I listened; and lo! through the storm of cheering, through the cries of women and the strong shouting of men in their prime, I caught another sound, a sound I knew and loved--the sound of marching men. Music hath charms to stir the blood and make men mad, but there is no music in all the earth like the trained tread of men who have marched to battle. I knew the rhythm of that tread; I knew that the "boys" of Old London were coming, and my nostrils seemed filled with the fumes of fighting. I looked again, and, saw them, hard faced, clean limbed, close set, as soldiers should be who have faced the storm and stress of war, as proud a band as Britain ever had, soldier and citizen both in one, fit to be a nation's bulwark and a nation's trust; and in the crowd around them there were a thousand thousand men as good, as game, as gritty, as they, for they were the children of the people, the men of the shop-counter, the men of the city office, the men of every artisan craft, the very vitals of London. They had sprung from the womb of the city, and the city could give birth to a million more if need be.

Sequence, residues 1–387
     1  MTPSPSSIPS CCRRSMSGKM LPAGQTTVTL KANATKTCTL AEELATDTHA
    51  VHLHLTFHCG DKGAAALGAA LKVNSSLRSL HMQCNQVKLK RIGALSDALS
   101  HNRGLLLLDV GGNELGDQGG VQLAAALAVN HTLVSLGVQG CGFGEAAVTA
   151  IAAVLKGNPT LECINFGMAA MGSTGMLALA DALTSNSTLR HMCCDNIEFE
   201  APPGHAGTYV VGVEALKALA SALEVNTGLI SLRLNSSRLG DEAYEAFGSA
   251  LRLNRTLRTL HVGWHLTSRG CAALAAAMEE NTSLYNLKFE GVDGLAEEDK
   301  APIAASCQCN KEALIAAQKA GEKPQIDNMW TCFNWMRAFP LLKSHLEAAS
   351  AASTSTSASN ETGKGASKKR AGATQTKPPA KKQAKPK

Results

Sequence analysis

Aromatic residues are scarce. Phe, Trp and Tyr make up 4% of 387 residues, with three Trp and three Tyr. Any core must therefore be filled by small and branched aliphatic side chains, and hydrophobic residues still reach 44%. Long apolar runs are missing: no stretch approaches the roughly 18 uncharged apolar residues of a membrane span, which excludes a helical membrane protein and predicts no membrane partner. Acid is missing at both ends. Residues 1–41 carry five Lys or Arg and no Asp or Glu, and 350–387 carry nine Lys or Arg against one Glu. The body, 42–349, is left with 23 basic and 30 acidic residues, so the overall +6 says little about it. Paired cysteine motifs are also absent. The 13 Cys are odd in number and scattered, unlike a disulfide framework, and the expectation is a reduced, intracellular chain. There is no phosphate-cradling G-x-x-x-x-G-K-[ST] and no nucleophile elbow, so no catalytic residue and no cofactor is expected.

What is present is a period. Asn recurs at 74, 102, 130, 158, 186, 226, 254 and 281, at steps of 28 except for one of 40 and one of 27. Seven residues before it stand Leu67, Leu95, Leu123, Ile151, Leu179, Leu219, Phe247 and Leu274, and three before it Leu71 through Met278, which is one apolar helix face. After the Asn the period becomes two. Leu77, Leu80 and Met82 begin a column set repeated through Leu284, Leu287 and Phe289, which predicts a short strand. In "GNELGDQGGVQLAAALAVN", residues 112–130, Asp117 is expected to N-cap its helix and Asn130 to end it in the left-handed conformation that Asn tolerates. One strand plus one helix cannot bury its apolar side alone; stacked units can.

I saw them pass amidst a storm of cheers, and I, who had seen them out on the African veldt under the foeman's guns, lifted up my voice to cheer them onward, for well I knew that there was nothing in the gift of England that they were not worthy of, those children of the "flat caps," those offspring of the 'prentice lads of London. I knew how they had starved; I knew how they had suffered through the freezing cold of the African winter; I knew how gallantly, how uncomplainingly, they had marched with empty bellies and aching limbs, ready to go anywhere, to do anything, ready to fight, and, if it were the will of the great God of Battles, ready to lay down their young lives and die. I knew those things, and, knowing them, gave them a cheer for the sake of Australia, for the sake of the kinship which binds us as no bonds of steel could bind us and them. I heard a voice at my knee whimpering, the voice of a gutter kid, who had dodged in there out of the way of the police. I looked at his ragged clothes, looked at his grimy face, looked at his hands, which looked as if they had never looked at soap, and I said: "What are you yelping for, kiddie?" And he, looking up at me through his tears, fired a voice at me through his sobs, and said: "I'm yelping, mister, because I'm only a little 'un, and can't see me mates come home from the war." Then I laughed, and tossing him up on my shoulder let him jamb his dirty fist on the only silk hat I possess, whilst he looked at his "mates" march home; for they were his mates--he was a child of London, and some day--who knows?--he may be a general.